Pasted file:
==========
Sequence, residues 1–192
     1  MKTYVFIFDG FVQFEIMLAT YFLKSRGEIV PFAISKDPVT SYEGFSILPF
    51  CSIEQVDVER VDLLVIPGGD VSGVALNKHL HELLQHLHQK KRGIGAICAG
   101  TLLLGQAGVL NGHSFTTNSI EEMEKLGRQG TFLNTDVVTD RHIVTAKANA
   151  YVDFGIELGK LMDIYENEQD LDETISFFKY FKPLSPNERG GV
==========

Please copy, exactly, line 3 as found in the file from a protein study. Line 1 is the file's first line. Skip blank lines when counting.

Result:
    51  CSIEQVDVER VDLLVIPGGD VSGVALNKHL HELLQHLHQK KRGIGAICAG